Tag Archives: Right to Marry

Immigration and Marriage

In politics, leaked information is rather common.  It always seems that a potential proposal or policy change hits the news while it is still under consideration.  The judiciary, and particularly the Supreme Court, has been mostly immune from this practice.  The lack of solid information on what the Supreme Court has decided in any particular case before the official release of the decision leads those who follow the Supreme Court to try to read omens and clues from a variety of sources — the questions asked at oral argument, which justices have issued opinions from a particular two-week argument session, and sometimes what the justices have said in another opinion.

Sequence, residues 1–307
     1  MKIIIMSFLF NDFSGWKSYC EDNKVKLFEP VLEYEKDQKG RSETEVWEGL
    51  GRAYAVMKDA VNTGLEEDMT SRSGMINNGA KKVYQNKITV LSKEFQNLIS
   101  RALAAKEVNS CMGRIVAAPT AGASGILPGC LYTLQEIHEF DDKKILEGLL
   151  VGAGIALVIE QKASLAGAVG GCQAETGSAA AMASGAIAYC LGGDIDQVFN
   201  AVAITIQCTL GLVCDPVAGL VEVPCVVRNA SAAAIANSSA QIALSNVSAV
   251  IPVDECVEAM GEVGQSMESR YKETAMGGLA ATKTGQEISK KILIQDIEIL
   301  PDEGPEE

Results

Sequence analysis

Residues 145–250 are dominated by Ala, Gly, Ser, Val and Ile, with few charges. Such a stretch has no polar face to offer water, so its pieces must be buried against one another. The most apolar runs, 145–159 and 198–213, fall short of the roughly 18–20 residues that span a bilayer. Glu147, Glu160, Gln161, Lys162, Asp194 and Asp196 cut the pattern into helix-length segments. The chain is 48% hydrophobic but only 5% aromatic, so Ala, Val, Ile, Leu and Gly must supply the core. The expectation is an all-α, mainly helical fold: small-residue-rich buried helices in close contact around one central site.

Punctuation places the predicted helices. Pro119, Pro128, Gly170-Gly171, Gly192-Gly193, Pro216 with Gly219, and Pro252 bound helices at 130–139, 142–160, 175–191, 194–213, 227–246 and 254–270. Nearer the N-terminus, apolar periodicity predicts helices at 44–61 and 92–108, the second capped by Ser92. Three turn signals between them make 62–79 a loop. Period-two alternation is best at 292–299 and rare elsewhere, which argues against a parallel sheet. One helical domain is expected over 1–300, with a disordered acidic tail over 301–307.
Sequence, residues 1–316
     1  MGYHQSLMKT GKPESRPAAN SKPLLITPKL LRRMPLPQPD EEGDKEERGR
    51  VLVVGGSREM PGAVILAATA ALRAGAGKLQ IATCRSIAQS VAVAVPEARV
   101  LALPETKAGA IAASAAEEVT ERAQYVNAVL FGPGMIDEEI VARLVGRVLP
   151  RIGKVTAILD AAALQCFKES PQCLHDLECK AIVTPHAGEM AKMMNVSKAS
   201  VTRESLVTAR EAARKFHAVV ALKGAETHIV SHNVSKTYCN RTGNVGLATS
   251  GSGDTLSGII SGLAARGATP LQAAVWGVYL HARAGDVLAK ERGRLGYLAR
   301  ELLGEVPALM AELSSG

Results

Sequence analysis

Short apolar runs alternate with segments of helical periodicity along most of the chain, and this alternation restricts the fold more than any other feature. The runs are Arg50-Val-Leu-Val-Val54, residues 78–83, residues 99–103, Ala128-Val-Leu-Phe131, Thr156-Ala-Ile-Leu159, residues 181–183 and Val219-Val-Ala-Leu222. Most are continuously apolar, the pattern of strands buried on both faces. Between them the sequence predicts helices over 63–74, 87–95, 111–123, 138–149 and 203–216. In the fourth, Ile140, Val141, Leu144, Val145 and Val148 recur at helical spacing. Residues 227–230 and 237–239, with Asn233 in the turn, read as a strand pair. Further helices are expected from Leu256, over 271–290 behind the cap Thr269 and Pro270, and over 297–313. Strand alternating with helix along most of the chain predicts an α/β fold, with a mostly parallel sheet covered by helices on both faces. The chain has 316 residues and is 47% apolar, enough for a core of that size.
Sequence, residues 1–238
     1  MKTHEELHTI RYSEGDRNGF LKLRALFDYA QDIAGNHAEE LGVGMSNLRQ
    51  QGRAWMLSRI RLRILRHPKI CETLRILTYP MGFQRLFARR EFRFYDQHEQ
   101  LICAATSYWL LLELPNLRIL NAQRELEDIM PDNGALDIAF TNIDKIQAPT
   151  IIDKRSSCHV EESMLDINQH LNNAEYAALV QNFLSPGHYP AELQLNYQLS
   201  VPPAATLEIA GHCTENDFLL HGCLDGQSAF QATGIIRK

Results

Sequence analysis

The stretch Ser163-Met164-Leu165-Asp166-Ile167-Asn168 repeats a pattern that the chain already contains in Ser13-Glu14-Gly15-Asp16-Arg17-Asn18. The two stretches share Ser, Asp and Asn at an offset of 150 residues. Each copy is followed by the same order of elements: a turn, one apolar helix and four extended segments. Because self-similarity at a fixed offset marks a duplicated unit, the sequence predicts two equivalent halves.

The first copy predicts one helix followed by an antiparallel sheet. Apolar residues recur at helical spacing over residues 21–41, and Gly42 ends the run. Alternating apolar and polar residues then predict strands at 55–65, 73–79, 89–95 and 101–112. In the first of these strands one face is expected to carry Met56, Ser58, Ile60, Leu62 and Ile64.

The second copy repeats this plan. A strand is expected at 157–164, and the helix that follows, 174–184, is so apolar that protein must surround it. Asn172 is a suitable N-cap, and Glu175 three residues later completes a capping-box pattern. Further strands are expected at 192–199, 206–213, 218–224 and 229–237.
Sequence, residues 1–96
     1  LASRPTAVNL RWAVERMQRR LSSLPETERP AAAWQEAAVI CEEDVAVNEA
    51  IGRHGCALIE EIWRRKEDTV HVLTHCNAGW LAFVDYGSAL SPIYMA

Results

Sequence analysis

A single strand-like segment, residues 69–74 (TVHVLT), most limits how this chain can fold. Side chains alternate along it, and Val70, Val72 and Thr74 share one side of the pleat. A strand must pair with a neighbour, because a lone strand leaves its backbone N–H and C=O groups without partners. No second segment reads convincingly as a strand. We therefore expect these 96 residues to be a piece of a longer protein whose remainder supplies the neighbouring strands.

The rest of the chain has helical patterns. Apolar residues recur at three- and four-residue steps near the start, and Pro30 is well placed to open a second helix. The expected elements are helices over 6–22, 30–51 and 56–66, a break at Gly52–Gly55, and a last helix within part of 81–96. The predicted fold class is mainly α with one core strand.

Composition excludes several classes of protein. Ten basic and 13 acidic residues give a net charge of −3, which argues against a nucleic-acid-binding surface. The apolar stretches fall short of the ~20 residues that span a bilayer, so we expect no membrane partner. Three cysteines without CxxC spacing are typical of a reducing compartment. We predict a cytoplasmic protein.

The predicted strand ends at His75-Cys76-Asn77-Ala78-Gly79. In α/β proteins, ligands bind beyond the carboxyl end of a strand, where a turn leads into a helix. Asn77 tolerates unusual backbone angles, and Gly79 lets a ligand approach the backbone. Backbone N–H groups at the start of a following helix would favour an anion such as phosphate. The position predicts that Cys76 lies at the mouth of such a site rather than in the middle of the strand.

As we near the end of the active part of this year’s Supreme Court term, this past week saw a flood of opinions (nine opinions) leaving eleven cases to be issued presumably between Monday and July 1.  (At the present time, the Supreme Court will almost certainly be handing down some opinions on Monday, June 22.  It is unlikely that they will hand down eleven opinions on Monday.  The Supreme Court has not yet announced any other days for the next seven days.  Jf the Supreme Court is going to hand down all opinions this week, there will probably be one or two more days.  If not, we will see at least some opinions on June 29, and maybe even on June 30 or July 1.)  There were a couple of interesting Free Speech cases that I will probably post something on during the down time of July, but the big four cases of the second half of the term remain for this last push (fair housing, redistricting, health insurance subsidies, and same-sex marriage).  The big surprise this week, however came in an unexpected case, Kerry v. Din.  When this case came to the Supreme Court, it looked like a case about immigration law and the virtually unreviewable discretion of embassy staff to reject a visa request.  However, this case arose in the context of the spouse of a U.S. citizen and court watchers are now wondering what the discussion of marital rights in this case might hint about the same-sex marriage cases.

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